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Lufthansa strike: Two-day walkout averted as pilots reach last-minute pay deal

Hundreds more Lufthansa flights could be cancelled as pilots threaten a two-day strike over pay.
Hundreds more Lufthansa flights could be cancelled as pilots threaten a two-day strike over pay. Copyright AP Photo/Michael Probst
Copyright AP Photo/Michael Probst
By Angela Symons with AP
Published on Updated
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After last Friday's strike, Lufthansa pilots threatened to walk out again this Wednesday and Thursday. The walkout was averted by a last-minute pay deal.


Earlier today, Lufthansa pilots threatened to strike again this Wednesday and Thursday over pay. 

However, the two-day walkout has been averted by a last-minute pay deal.

If the strike had gone ahead, it would have been the second faced by Germany's biggest airline in a week. On Friday, pilots staged a walkout that led to hundreds of flights being cancelled.

Why has the Lufthansa pilot strike been cancelled?

The Vereinigung Cockpit union had announced plans for a walkout on Wednesday and Thursday, calling on Lufthansa to make a “serious” offer in talks over pay increases

Following last-minute pay talks on Tuesday, the union says that the two sides have agreed in principle on “an extensive package of monetary and structural issues,” leading to the strike being cancelled. The details of the deal will be thrashed out in the coming days.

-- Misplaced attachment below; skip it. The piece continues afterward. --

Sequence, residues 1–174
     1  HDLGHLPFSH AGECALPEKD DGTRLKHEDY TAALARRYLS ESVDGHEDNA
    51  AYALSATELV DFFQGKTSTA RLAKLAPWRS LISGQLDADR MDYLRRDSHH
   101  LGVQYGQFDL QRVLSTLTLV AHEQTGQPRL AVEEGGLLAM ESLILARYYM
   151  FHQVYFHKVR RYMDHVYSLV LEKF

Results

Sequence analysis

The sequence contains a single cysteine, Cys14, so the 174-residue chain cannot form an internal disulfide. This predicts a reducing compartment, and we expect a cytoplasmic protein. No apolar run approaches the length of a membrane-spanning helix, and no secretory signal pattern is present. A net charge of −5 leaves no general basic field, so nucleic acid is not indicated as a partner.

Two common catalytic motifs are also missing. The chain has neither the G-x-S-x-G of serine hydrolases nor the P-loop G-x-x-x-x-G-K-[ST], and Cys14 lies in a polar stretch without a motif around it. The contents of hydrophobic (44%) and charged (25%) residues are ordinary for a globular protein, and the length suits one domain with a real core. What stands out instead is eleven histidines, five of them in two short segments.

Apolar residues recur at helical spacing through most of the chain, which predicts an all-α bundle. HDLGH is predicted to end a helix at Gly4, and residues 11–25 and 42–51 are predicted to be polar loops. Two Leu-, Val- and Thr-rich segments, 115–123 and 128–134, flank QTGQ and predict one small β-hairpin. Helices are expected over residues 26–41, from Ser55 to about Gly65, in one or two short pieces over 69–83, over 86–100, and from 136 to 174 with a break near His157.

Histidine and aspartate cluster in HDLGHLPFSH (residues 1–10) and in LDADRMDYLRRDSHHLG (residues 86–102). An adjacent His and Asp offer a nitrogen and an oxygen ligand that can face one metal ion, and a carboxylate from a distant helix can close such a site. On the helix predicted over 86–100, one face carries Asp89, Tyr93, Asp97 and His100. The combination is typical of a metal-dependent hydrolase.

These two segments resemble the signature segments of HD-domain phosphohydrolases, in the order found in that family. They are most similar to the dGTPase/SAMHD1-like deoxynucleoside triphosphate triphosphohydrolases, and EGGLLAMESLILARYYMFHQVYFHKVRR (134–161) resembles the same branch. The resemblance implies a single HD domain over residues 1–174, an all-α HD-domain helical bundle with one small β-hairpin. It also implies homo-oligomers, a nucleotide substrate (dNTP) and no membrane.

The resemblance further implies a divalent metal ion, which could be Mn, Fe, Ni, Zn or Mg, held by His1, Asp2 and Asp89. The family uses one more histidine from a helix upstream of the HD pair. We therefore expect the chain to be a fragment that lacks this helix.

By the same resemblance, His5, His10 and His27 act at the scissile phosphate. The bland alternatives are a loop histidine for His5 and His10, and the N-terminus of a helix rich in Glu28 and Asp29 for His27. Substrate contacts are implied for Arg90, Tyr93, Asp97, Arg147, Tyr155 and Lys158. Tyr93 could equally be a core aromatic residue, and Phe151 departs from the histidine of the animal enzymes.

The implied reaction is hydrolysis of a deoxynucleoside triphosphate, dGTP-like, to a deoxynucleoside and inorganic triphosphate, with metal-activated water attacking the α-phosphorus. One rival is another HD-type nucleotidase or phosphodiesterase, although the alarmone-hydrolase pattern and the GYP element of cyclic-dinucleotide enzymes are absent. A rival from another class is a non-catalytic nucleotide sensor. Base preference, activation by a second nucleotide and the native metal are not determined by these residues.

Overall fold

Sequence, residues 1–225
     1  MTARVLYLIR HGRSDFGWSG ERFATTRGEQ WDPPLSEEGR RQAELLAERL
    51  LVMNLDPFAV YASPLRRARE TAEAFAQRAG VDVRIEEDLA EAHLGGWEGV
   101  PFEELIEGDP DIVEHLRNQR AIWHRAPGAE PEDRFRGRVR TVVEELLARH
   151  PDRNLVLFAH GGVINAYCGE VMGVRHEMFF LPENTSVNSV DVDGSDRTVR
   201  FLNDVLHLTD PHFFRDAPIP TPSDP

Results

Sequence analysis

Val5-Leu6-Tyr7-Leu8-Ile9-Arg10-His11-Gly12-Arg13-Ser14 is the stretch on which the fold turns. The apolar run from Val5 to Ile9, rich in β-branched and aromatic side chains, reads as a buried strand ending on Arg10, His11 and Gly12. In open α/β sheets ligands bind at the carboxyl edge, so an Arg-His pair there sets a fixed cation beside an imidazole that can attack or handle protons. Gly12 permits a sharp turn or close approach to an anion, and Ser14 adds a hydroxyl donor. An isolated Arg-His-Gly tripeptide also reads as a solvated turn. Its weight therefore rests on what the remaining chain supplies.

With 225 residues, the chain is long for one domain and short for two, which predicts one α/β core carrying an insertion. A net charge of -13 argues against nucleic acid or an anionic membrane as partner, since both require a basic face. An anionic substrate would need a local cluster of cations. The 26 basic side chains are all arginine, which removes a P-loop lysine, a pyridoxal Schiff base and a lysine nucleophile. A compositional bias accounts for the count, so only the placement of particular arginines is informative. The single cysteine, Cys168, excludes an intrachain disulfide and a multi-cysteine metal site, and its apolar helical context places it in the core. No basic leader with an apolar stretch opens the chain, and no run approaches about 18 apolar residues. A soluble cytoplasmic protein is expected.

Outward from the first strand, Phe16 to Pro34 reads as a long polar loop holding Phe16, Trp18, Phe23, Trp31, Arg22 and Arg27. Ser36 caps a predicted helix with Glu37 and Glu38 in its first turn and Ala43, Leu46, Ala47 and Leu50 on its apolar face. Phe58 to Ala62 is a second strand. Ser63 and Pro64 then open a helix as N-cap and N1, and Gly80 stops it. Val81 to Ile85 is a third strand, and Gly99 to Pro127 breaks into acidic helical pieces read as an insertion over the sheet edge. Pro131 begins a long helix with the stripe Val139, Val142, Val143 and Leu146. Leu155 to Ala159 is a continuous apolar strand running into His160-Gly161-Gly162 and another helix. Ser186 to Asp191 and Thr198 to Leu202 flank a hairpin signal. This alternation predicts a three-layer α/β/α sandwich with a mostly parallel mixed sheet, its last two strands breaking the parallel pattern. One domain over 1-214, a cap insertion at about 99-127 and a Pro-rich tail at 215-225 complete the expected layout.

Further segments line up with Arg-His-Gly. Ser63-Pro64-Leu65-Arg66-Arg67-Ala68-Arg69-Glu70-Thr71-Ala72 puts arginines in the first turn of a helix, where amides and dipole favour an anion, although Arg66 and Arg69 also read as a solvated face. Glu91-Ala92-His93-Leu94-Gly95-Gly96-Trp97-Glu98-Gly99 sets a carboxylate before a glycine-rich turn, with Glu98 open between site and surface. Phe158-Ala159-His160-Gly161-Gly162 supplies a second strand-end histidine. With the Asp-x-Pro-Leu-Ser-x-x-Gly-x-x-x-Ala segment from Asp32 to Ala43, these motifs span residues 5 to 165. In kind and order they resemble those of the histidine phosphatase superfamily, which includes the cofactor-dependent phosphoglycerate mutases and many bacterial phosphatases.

Before the talks, Lufthansa said a strike would have “massive consequences” for its flight plan. 

Why were Lufthansa pilots threatening strike action?

Although it isn't immediately clear what the agreement entails, the Vereinigung Cockpit union has been calling for a 5.5 per cent raise for its members this year and an 8.2 per cent increase in line with inflation in 2023.Pilots are also seeking a new pay and holiday structure.

The airline said those measures would increase its staffing costs by about 40 per cent, or around €900 million over two years. Previously, Lufthansa offered a one-off increase of €900, amounting to a 5 per cent increase for senior pilots and an 18 per cent increase for those starting the profession - this was rejected by the union. 

Strong unions have traditionally ensured good conditions for workers in Germany, using strikes to press their demands in labour disputes.

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